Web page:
I spent a lot of time this weekend thinking about ALICE.
In 1963, President Lyndon Johnson asked an analyst, Mollie Orshansky, to develop a measure of poverty for his War on Poverty. She took the minimum calories and thus food budget necessary for a family of four and multiplied by three. That, adjusted for inflation, continues to be the federal poverty line.
My friend Stephanie Hoopes is challenging that definition. Her United Way ALICE Project (http://www.unitedwayalice.org) looks at individuals and families that are “asset limited, income constrained, employed”, those who are working in low-wage jobs with little or no savings for an emergency. Her work shows that if we define the poverty line as the income families need to live and work in a modern economy – enough for housing, food, child care, health care, and transportation — roughly a third of the people in the ten states the ALICE Project has studied so far are at or below the poverty line.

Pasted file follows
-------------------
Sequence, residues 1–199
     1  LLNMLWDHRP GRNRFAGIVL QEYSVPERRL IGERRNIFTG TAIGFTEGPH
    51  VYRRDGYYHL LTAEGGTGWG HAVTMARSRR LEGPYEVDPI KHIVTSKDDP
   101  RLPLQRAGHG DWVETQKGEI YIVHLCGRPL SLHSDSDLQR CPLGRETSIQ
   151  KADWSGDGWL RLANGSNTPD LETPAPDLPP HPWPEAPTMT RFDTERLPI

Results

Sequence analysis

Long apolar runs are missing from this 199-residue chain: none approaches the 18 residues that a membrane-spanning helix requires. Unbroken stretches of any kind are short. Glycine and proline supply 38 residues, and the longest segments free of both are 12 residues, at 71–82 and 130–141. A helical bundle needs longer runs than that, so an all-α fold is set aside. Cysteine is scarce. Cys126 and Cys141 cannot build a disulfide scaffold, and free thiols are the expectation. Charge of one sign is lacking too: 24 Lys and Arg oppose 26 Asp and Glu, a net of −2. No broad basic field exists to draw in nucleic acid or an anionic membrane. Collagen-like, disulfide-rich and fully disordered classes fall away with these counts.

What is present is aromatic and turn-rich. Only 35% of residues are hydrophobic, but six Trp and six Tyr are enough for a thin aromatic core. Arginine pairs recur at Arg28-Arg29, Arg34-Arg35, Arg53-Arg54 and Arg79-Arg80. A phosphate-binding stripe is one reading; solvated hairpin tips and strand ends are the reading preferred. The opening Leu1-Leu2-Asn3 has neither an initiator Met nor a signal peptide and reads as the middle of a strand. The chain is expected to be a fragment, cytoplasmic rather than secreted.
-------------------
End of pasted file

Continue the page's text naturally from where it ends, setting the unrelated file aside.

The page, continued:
- New Jersey had 32% of its population at or below the ALICE poverty line before the recession; it now has 38%.
- Massachusetts had 15% low income in 1970; 28% in 2014. This would be higher using the ALICE threshold (Boston Globe, front page, March 6, 2016)
Stephanie is sure you know someone who is ALICE: someone in your family, the person who sold you coffee this morning, the woman who took your kids from you at daycare. People who are working hard, but can’t afford basic household necessities.
Perhaps this is why Trump and Sanders are striking a cord with so many.